In Memory Of Keats
As a self-confessed softie, I found losing my grey tabby cat a very traumatic experience, but despite what I went through, even knowing the outcome, I would go through it again. Life is about the enjoying new experiences, whether they are good or bad. I think we should cherish both equally, since one accentuates the other.
I’d had Keats, affectionately known as Keaty Pie, since he was just 7 weeks old. He disappeared a month after his second birthday, on the day it had been announced the world was to end. It was a curious choice on his part.
I acquired him and his brother, Blake, from a rescue centre having suffered the loss of two other cats. Two weeks before, I’d lost Tingle, the love of my life, having brought him back from hell. (His moving story is told in my novel ‘Shackled’) His replacement was Tennyson. Within 5 days of his arrival, he was hit by a car and killed. Despite being inconsolable (as I said I’m a softie) and announcing I didn’t want any more cats, ever, my husband, Doug, knew better. One day, he handed me two delightful and precious bundles of joy.
And so Keats and Blake arrived. They were so tiny that they fed from the same dish; they slept together with their legs entwined, and they played and chased, rolling around and squeaking until they fell into a sleepy heap.
They were beautiful. I appreciated their presence in my life every single day, and watched with amusement their new adventures. They would race around the garden, one chasing the other; they would climb to the top of a tree and cling to a slender branch wondering how on earth they got there; they would observe the chickens, not understanding those strange-looking feathered creatures or their purpose.
They were a pair, and did everything together. Gradually, though, over those two years, Keats became more and more aloof. He needed less attention from his brother and from us. He was growing up, and to our regret, he had become a brilliant hunter. It was May 2011. The swallows had just arrived, having just survived a difficult journey from South Africa, and were perched in the barn on low beams. Exhausted and hungry, they were easy prey.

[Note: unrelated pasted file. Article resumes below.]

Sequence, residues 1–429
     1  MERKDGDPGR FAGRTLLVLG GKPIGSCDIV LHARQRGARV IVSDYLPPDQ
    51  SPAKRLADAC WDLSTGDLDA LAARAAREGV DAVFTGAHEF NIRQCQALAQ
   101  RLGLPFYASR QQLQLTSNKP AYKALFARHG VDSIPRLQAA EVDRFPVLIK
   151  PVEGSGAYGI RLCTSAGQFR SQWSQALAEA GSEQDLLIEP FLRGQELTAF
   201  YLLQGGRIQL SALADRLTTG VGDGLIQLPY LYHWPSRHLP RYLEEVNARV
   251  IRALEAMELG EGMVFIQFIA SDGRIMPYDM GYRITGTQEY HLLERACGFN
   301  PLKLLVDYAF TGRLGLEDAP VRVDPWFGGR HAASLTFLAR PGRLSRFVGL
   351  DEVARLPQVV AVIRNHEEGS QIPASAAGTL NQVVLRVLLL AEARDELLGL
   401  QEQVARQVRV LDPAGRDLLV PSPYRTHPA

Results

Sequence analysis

Keats brought one into the kitchen, still alive but barely. Doug was furious with him, and grabbed him by the scruff of the neck and shook him in a rage. You might say Keats was just being a cat. That’s what Keats thought too. He disappeared days later, never to be seen again.
I was devastated and searched the streets and roads for weeks and months. He was never found. I like to think he is living with a nice family somewhere, although I also fear he could have been killed by a fox since I have reason to believe my big ginger moggy recently survived an attack. It’s something I will never have the answer to, and perhaps in this instance, it is the preferred option.
Losing a pet is a fact of life, and despite the hurt he unwittingly caused, I would still go through it again. Without the negative periods in our life, we’ll never learn how to appreciate the positives. And those two years were a positive, amongst the best in my life. I tell myself I shouldn’t be too greedy.
God Bless Keats.